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You are working hard to build your restaurant's team, and maybe things just don’t seem right. The team just doesn't gel together, there are some conflicts, and turnover is sky high. You read the blog posts and the books, and you feel like you are doing and saying the right things.
So what's happening? What's going wrong?
Well, I can think of at least 5 things.
The Prelude to the Problem: How to Fix a Broken Restaurant Team
Let's start off with a bit of hard truth - the best intentions are nothing without the right execution, no matter how good they may be. Knowing what to do is very different than doing what you know, especially if you are not aware of some of the problems in your restaurant that could be sabotaging your team building efforts.
Remember this:“Awareness precedes choice and choice precedes change.”
You have to be aware of the real problem before you can address it. This involves looking into the abyss of yourself as the leader of your restaurant to figure that problem out. After all, the truth will set you free...after it will first piss you off.
The 5 Causes of a Poor Restaurant Team
Restaurant team building is complex. It involves bringing a group of people with different dynamics and backgrounds together for the mutual benefit of your business.
Here are some of the problems that restaurant owners face when trying to make their restaurant team work.
1) Mixed Messages
Communication errors account for most restaurant issues, either in the form of miscommunication or through a lack of communication. Mixed messages are a covert form of sabotage that can lead to mass hysteria and inconsistency in your restaurant..
Let’s use an example of a restaurant with two owners. Say the owner of a restaurant wants beer to be poured for the guest at the table. The other owner does not like that, so they tell some of the team that it’s optional. The result? When you send out mixed messages, you get mixed standards.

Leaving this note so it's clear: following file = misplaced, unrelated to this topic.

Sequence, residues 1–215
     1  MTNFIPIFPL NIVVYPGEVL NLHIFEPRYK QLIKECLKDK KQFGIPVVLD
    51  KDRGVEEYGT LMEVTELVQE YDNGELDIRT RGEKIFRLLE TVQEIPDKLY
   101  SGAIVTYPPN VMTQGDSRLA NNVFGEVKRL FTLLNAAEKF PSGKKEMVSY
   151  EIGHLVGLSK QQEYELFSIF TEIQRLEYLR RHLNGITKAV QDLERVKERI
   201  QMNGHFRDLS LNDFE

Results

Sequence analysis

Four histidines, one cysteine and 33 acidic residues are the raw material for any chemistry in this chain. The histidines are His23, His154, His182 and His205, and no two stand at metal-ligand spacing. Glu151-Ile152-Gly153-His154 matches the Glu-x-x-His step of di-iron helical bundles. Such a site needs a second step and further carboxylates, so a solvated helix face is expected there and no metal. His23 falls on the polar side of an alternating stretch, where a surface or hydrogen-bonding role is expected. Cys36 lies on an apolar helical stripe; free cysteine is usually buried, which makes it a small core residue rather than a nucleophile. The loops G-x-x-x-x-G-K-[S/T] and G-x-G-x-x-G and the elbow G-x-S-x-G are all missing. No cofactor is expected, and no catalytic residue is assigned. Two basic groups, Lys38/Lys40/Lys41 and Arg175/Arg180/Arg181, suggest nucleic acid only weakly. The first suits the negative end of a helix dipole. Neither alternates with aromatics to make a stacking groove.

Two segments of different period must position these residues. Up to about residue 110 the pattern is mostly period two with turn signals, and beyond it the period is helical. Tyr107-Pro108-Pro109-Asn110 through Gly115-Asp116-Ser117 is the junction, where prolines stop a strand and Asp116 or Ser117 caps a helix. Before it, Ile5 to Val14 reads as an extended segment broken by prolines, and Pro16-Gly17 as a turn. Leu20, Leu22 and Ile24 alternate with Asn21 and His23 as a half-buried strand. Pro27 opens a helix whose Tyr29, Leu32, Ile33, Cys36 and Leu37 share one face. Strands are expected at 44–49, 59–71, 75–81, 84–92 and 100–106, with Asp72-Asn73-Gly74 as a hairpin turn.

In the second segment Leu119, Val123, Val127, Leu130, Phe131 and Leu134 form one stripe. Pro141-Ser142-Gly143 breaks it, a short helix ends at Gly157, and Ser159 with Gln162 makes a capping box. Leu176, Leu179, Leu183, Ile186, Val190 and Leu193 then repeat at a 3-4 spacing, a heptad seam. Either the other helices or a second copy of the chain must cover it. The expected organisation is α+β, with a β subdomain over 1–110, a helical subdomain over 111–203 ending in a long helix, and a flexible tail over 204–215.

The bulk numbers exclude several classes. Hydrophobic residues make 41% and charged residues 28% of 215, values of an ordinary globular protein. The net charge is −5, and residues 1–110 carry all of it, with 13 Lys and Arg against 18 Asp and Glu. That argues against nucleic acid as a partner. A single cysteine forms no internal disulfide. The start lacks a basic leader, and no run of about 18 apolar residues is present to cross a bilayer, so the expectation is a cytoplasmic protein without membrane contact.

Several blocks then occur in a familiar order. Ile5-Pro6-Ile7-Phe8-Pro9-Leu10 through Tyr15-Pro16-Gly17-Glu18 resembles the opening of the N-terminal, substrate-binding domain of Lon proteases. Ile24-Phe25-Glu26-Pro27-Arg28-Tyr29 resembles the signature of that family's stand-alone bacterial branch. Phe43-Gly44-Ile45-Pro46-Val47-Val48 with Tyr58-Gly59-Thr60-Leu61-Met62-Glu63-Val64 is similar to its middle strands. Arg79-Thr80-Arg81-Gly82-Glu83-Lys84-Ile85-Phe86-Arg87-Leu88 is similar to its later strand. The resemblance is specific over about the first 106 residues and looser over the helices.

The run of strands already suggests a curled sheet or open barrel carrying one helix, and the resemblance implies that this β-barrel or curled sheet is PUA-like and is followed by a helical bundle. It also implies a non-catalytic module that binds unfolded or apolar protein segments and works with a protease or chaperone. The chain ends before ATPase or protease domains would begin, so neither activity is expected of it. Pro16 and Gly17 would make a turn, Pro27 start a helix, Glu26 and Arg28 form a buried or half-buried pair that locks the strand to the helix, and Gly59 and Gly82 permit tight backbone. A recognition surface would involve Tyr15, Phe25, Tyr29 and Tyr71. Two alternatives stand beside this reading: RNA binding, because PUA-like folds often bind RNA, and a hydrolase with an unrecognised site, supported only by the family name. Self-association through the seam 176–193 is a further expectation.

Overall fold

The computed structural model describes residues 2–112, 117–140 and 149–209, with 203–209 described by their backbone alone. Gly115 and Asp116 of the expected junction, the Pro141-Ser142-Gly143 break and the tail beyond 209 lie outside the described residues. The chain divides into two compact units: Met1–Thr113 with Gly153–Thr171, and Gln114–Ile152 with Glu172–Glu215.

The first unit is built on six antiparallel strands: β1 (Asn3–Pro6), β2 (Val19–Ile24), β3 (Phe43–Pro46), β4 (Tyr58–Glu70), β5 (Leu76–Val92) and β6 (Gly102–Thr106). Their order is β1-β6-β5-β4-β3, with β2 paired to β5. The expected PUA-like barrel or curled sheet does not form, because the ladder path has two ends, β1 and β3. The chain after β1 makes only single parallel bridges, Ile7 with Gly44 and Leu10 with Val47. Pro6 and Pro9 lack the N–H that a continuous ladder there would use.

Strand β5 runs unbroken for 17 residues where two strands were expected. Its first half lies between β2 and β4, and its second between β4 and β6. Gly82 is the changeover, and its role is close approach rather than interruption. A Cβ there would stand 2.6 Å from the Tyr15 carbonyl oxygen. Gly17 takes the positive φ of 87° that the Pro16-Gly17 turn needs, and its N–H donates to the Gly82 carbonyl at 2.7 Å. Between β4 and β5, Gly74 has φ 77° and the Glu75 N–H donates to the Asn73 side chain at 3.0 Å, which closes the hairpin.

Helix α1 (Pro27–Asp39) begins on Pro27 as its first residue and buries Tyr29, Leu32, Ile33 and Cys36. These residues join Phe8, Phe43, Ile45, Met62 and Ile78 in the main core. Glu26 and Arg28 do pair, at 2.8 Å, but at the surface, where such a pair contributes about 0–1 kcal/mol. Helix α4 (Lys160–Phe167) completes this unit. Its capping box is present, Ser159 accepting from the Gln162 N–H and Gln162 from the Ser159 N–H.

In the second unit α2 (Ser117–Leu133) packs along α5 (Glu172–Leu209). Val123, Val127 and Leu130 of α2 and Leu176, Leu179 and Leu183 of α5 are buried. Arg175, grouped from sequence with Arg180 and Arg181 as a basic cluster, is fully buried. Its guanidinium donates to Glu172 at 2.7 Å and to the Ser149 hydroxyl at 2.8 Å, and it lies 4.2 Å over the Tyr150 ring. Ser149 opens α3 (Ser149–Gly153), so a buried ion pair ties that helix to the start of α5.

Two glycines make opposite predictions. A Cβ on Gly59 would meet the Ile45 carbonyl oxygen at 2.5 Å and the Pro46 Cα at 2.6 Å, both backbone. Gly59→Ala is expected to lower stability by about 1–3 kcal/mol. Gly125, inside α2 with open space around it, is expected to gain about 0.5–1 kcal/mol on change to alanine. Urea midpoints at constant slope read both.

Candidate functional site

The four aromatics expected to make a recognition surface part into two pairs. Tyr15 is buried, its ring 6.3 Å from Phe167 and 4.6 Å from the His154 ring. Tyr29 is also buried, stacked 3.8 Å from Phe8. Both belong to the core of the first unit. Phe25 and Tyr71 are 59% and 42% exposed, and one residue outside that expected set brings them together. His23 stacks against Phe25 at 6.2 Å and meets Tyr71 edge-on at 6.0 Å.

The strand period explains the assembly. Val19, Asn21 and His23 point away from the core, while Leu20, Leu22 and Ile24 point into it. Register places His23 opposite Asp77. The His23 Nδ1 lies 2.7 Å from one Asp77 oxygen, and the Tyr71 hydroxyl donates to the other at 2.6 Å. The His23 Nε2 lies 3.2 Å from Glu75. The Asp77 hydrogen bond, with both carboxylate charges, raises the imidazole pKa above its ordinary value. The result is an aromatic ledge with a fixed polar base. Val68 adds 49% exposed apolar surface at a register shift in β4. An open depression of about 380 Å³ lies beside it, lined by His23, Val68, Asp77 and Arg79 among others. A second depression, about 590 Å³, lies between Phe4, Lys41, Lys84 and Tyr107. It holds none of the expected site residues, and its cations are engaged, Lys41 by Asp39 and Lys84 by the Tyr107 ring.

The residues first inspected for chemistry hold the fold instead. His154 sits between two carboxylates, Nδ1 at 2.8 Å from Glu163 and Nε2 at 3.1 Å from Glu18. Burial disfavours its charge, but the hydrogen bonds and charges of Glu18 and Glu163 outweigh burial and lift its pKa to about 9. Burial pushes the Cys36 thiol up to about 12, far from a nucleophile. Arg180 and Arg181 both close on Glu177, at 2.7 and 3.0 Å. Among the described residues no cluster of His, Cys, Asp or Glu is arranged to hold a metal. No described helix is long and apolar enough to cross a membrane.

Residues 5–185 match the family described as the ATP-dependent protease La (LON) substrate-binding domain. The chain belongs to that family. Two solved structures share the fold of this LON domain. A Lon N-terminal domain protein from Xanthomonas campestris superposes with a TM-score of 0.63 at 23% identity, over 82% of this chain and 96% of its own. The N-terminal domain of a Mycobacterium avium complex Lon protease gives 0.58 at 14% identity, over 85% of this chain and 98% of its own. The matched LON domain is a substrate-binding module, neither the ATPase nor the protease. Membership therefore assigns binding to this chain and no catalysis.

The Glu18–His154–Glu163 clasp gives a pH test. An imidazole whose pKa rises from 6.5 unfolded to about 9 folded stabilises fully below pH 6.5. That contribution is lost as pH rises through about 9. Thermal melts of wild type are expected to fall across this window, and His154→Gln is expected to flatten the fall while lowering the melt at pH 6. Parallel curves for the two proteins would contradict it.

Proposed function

That brings inconsistency, which welcomes mediocrity.
Once mediocrity sets up residence in your restaurant, you will need an eviction order to get it out!
Mixed messages also contribute to team turnover. The last thing your team wants to be is bounced back and forth about what the standards are. People want to work for professionals, and not having a clear and consistent message just tells them that you don’t have your act together.
2) No Plan
If you were dropped off in the wilderness, how would you get back to civilization? You would pull out your map and compass and plot a course to get back to town. Your map and course help your formulate a plan. Without them, you’d just wander around aimlessly until they send out a search and rescue team to come find you (if a wild animal does not eat you).
Your market can be just like being dropped off in the middle of nowhere. Without a solid plan (your map) and consistent action making adjustments (your compass), you’ll just wander day-to-day hoping that your business stays in the black. Once again, this does not instill confidence in the leader of the team. Even the Bible mentioned that, “Where there is no vision, the people perish.”
Moral of the story: You need a plan and you need to share that plan with your team.
Get them excited about your vision and how you will get there with their assistance. Most people like to feel a part of something bigger than themselves.
3) Hidden Agendas
While we are social creatures, humans also tend to be focused on self-preservation. Everyone has a hidden agenda - some bigger than others. This is not to imply that your team is evil, it’s just that survival is hard-wired into our DNA.
Look how we form cliques in the restaurant industry:
- FOH versus BOH.
- Day team versus the night crew.
- Your restaurant versus the one across the street.
One huge human flaw is that we need an adversary to fight or form a team against.
Unfortunately, teams don’t work that well when they have hidden agendas.